With Christmas coming the online world is set to experience its busiest season and Irish online shoppers need to be aware of their rights regarding distance selling and fraud, the National Consumer Agency (NCA) warned yesterday.
The NCA has launched a new information campaign to inform consumers of their rights regarding distance selling and doorstep selling. The campaign includes a website, www.consumerconnect.ie, that includes interactive features to test consumers’ general knowledge of consumer affairs as well as the ability to file a complaint.
“As consumers, we shop increasingly by phone, online or from catalogues,” said Ann Fitzgerald, executive chair of the NCA and the director of Consumer Affiars.
“More and more, we are approached in our homes with opportunities to purchase products and services. Research shows that consumers are unaware of their rights in these areas and can enter into contracts without realising it. Also, many of them are unaware that there is considerable legislation that protects them even though they may not have made a purchase in a shop or where they are not face to face with the vendor.”
The campaign aims to alert consumers to their rights regarding distance selling and doorstep selling, alerting them to potential scams and how to avoid them.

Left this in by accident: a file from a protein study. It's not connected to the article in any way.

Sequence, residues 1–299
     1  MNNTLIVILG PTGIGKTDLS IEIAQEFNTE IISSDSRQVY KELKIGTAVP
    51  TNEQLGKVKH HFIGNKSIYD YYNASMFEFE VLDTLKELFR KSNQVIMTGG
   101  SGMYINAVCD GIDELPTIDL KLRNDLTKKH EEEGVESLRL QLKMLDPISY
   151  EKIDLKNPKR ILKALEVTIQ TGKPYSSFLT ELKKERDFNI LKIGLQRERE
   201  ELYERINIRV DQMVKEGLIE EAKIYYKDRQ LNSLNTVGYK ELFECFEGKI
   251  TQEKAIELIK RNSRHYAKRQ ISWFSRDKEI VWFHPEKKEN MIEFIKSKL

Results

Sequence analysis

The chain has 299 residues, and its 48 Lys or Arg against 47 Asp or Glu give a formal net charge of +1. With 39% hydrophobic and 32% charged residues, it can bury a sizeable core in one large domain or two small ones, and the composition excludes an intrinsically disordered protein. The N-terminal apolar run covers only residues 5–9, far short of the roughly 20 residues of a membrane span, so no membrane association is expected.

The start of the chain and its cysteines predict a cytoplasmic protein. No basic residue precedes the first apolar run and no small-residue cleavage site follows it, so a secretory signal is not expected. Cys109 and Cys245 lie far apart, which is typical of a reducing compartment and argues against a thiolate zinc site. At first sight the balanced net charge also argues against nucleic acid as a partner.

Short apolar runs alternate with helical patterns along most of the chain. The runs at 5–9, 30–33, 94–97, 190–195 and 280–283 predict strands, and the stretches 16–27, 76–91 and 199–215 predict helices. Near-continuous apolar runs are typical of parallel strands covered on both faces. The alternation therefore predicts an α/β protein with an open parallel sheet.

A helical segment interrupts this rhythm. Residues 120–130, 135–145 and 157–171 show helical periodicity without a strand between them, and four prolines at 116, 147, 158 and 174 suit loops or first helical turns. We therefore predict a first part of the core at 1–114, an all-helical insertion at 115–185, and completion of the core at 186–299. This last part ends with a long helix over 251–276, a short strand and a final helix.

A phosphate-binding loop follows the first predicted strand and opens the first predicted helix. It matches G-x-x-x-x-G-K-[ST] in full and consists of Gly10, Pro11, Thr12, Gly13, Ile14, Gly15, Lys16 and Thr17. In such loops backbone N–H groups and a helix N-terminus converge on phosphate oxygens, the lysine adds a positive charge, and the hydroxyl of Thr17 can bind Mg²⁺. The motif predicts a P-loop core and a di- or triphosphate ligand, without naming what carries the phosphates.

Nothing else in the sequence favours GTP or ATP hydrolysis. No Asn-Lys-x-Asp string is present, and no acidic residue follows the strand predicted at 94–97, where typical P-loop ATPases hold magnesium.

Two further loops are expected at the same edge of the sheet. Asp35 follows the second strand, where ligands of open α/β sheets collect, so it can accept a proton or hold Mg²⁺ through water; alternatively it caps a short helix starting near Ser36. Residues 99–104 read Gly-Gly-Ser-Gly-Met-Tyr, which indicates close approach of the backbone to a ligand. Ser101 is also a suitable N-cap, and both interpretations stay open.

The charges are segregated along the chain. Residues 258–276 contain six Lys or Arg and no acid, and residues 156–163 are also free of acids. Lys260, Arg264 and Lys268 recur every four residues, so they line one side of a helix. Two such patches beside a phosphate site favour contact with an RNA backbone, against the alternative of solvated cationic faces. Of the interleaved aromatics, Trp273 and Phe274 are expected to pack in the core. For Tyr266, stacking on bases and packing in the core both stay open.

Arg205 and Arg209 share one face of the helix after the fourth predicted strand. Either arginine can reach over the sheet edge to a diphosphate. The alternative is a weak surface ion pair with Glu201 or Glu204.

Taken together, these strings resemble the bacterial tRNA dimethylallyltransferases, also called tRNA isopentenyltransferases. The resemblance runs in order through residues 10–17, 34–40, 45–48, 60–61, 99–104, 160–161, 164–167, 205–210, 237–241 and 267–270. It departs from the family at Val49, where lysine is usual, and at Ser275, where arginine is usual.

Distance selling is defined by any transaction where there is no simultaneous presence of the supplier and consumer. Shopping online, by TV, by phone, by text message, by fax and by mail order all constitute distance selling.
The NCA is advising consumers to only make purchases from known or trusted websites.
They are also entitled to a seven-day cooling off period to change their mind after buying online, by catalogue or by phone.
It also reminds consumers that in terms of telemarketing and cold calling, it is possible to enter into a legally binding contract without signing a document and therefore it is vital to read the terms and conditions from distance sellers.
A recent survey commissioned by the NCA as well as through the European Consumer Centre found that the area of distance selling is of major concern to Irish consumers, who are neither aware of the pitfalls or the legislation that protects them.
By John Kennedy